"In view of the policies of this Service, the nature of our field employees' work and the urgency of the program, certifying officers have not questioned too closely the necessity of return to headquarters at the end of each day; but, in view of recent exceptions by your office to vouchers certified for payment by this office, we feel that we must have an early reply in order to determine whether or not our administrative policies will be sanctioned by your office. We have offered administrative explanation to your exception, dated July 21, 1947, against D.O. Voucher No. 7-131840 paid September 1945 by C.D.O., G.F. Allen, Symbol No. 107, but, in view of the normal time required before we receive notification of clearance, we are submitting a current voucher for your early decision and our guidance in the cases that continually arise in our audit functions.

"In view of the facts in this case and the Bureau and administrative policies herein discussed, please advise me whether or not I may properly certify the voucher or any part of the claim for payment."

In decision of May 30, 1944, B-41653, to Mr. P.R. Redinger, Authorized Certifying Officer Farm Security Administration, Department of Agriculture, it was stated:

"Numerous decisions have been rendered by this office upon the question of allowing per diem at points within a short distance of the official station, and it has been held, generally, that the determination in such cases primarily is an administrative matter and that the responsibility is upon the administrative office to see to it that the per diem allowed is commensurate with the actual expenses of subsistence incurred over and above those which would have been incurred at headquarters -- emphasis having been placed upon the italicized portion of paragraph 45 of the Standardized government Travel Regulations. See 21 Comp. Gen. 697; 22 id. 62."

And in decision of August 27, 1946, B-59811, to Mr. Glenn W. Sitz, Authorized Certifying Officer, Federal Crop Insurance Corporation, Department of Agriculture, the statement was made:

"*** it appears impracticable to formulate, for general application, any rule as to whether a Government traveler, using a privately-owned vehicle, is or is not required to travel outside his regular daily tour of duty. therefore, the facts of a particular case should be examined in the light of the requirement prescribed in paragraph 1 of the Standardized government Travel Regulations that:

"'Employees traveling on official business *** are expected to exercise the same care in incurring expenses that a prudent person would exercise if traveling on personal business.'"

It is recognized by the General Accounting Office that an administrative office in performing the duties imposed upon it by the statutes which govern its operations must take into consideration all the factors involved in a particular situation and that an obvious saving resulting from the incurring of a smaller cost for traveling expense by virtue of a daily return to headquarters instead of a greater cost for per diem at a temporary post of duty is only one of such factors, which may be outweighed by the other circumstances existing in the case.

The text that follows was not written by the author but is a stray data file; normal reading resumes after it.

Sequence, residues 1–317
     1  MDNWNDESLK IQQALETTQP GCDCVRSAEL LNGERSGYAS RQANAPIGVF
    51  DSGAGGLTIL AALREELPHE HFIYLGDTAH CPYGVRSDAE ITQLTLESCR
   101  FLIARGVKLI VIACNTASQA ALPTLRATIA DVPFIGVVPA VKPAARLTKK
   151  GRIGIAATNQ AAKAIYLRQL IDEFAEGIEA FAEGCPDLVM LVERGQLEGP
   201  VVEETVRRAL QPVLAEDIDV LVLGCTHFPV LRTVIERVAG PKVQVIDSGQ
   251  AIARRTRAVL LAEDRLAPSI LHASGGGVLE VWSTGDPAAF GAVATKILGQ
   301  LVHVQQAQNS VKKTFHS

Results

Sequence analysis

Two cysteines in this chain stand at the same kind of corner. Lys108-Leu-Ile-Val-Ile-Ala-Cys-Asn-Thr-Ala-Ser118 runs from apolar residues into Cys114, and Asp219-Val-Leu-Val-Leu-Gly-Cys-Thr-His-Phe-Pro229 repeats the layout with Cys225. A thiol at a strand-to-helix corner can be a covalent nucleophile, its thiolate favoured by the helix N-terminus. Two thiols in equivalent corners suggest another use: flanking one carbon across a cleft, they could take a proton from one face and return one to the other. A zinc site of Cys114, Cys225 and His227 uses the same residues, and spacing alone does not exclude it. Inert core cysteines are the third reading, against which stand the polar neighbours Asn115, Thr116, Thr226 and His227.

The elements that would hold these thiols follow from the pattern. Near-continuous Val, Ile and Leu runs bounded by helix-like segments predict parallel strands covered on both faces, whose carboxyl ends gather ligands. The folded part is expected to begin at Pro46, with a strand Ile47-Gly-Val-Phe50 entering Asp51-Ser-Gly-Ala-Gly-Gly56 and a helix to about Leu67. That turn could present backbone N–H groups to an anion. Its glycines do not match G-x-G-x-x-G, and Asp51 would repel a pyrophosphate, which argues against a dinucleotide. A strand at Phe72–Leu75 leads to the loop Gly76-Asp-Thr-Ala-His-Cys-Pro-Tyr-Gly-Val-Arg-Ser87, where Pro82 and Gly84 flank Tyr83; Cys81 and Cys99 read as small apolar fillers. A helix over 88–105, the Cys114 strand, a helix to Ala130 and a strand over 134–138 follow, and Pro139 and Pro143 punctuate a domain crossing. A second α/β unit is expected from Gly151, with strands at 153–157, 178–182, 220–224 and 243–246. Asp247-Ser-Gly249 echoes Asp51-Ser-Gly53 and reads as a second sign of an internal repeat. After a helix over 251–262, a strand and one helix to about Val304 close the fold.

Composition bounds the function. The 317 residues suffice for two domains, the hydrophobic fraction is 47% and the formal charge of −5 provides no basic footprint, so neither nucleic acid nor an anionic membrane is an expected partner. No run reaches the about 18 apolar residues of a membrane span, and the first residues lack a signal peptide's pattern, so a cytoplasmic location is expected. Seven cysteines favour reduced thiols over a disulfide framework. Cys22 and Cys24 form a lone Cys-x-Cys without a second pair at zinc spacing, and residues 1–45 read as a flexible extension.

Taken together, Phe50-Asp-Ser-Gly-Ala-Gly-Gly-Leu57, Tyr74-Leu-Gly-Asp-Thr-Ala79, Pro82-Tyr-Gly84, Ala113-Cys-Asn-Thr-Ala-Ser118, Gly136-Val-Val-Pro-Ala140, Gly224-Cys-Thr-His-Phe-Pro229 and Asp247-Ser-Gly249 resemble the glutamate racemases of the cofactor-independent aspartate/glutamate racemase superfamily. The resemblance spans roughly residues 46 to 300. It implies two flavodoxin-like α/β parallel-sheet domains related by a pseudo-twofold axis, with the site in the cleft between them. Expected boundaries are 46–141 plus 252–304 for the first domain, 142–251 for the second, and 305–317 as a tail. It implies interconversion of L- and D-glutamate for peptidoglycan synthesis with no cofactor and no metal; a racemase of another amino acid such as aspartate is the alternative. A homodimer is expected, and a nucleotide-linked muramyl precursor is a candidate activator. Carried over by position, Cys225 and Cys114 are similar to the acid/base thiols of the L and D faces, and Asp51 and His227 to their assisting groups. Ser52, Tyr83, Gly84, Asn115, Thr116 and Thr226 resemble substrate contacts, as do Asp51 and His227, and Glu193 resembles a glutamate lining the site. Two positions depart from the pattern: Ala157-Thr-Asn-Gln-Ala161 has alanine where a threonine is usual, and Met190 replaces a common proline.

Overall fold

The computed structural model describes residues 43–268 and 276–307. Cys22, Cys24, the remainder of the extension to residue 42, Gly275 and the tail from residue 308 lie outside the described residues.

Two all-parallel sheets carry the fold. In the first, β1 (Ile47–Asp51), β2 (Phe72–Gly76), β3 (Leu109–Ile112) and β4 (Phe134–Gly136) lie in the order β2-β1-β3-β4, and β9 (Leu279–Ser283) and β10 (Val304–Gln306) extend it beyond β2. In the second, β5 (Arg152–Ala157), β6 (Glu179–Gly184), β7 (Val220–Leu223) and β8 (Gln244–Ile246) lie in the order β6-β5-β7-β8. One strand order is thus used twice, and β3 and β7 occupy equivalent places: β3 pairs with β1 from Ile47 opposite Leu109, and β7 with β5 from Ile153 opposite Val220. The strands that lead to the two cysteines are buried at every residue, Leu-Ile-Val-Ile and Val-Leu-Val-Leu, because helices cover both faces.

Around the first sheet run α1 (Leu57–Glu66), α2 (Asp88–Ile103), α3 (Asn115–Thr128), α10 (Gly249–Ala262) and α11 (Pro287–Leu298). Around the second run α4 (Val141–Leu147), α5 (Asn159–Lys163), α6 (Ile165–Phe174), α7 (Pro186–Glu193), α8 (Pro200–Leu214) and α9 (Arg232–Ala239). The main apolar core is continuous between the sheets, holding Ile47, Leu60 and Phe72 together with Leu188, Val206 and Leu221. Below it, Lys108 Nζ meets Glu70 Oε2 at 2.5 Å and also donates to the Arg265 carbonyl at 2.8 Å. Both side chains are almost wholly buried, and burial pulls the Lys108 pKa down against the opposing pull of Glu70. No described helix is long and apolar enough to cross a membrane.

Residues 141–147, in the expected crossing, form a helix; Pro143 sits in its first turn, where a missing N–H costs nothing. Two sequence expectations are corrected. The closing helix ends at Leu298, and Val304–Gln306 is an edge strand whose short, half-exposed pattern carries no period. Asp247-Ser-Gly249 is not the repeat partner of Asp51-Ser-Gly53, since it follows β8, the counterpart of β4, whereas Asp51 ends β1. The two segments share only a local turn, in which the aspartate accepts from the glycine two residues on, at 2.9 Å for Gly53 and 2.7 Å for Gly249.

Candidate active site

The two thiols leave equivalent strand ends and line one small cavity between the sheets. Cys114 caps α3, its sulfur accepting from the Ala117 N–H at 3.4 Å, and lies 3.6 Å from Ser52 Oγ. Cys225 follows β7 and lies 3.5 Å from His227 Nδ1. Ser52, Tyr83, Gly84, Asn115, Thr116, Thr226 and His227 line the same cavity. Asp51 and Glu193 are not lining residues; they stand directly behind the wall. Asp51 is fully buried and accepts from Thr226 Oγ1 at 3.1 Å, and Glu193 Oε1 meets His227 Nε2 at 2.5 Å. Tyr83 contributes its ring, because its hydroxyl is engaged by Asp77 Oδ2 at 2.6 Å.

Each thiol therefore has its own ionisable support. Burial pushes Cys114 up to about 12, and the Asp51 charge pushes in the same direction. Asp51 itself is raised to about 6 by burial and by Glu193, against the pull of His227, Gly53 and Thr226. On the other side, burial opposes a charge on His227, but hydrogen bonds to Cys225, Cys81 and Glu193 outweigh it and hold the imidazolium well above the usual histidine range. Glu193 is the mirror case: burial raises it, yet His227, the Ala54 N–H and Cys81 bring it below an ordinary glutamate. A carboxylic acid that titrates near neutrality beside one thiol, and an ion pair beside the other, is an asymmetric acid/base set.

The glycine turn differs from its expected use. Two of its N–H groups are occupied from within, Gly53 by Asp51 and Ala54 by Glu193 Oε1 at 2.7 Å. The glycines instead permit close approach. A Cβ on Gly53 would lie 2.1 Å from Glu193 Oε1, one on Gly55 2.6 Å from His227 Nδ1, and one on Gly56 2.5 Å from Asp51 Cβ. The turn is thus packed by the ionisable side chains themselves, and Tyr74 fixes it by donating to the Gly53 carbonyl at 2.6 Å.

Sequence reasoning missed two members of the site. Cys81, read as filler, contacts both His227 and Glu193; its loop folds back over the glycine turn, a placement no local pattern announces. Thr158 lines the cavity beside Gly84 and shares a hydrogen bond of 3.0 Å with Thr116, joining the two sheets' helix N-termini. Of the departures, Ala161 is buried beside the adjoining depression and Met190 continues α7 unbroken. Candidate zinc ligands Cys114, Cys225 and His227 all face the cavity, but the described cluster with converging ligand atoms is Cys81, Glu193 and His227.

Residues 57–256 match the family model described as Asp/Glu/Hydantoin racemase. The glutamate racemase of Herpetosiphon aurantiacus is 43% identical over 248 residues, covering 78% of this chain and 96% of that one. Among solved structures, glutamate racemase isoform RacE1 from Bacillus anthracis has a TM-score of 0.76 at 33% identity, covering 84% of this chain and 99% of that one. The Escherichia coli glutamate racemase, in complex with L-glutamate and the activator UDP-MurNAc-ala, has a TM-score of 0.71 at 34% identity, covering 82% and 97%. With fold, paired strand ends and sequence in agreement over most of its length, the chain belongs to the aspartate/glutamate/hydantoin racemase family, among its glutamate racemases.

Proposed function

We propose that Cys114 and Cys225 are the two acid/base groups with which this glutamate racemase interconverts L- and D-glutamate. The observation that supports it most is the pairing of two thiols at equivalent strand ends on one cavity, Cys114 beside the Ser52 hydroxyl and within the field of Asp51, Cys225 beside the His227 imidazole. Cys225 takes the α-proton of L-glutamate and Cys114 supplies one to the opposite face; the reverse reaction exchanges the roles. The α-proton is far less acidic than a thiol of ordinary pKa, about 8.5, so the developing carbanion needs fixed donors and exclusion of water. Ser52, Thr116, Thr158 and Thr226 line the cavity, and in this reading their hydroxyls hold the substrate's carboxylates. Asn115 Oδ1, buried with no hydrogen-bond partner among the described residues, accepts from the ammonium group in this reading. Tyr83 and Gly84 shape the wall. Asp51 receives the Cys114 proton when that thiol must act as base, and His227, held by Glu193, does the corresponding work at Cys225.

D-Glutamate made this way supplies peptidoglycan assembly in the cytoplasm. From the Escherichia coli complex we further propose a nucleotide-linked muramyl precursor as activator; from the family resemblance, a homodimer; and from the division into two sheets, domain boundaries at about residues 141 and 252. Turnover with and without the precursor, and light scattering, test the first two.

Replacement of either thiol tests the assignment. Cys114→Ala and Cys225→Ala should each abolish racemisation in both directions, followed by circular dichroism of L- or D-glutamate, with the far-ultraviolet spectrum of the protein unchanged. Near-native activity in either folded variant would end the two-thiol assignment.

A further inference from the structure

From the facts stated in your letter, especially the statement "that the work of the employees is done almost entirely in rural areas which necessitates communication each morning and evening some distance from their temporary duty station where lodging is secured," and the more expeditious handling of official business, it appears that the action of Mr. Stensland in remaining at his temporary station from July 15 to 18, and 28 to 30, 1947 was warranted, and that the administrative approval thereof -- assuming that the employee was put to additional expense -- was a reasonable exercise of the administrative discretion in the matter. Compare 21 Comp. Gen. 697; 24 id. 179.

You are advised, therefore, that voucher 3107, which is returned herewith, may be certified for payment in the amount claimed, if otherwise correct.

It may be stated, generally, for your information that an audit exception is in the nature of a challenge to the propriety of a certifying officer's action in certifying the voucher for payment; it is subject to review upon the presentation of an explanation and to withdrawal upon the submission of evidence sufficient to establish the validity of the payment. Although such an exception imposes upon the officer a responsibility under the law to justify his action in certifying the voucher for payment or to make the Government whole in the matter, it does not constitute a definite determination as to the liability of the payee.

In cases such as the one covered by voucher 7-131840, referred to in your letter, where from the meager information on the voucher it is impossible to determine whether the failure to return to headquarters, and the attendant increased expense, is in the interest of the Government or for the personal convenience of pleasure of the traveler, this Office, in the exercise of its statutory duty, must develop the facts in each case, and the issuing of a notice of exception is a convenient method of obtaining the necessary information.

The replies to the exceptions against voucher 7-131840 and similar cases will be considered in the light of the principles set forth herein, and such action will be taken as is warranted by the facts in each case.

Respectfully,

Lindsay C. Warren Acting Comptroller General of the United States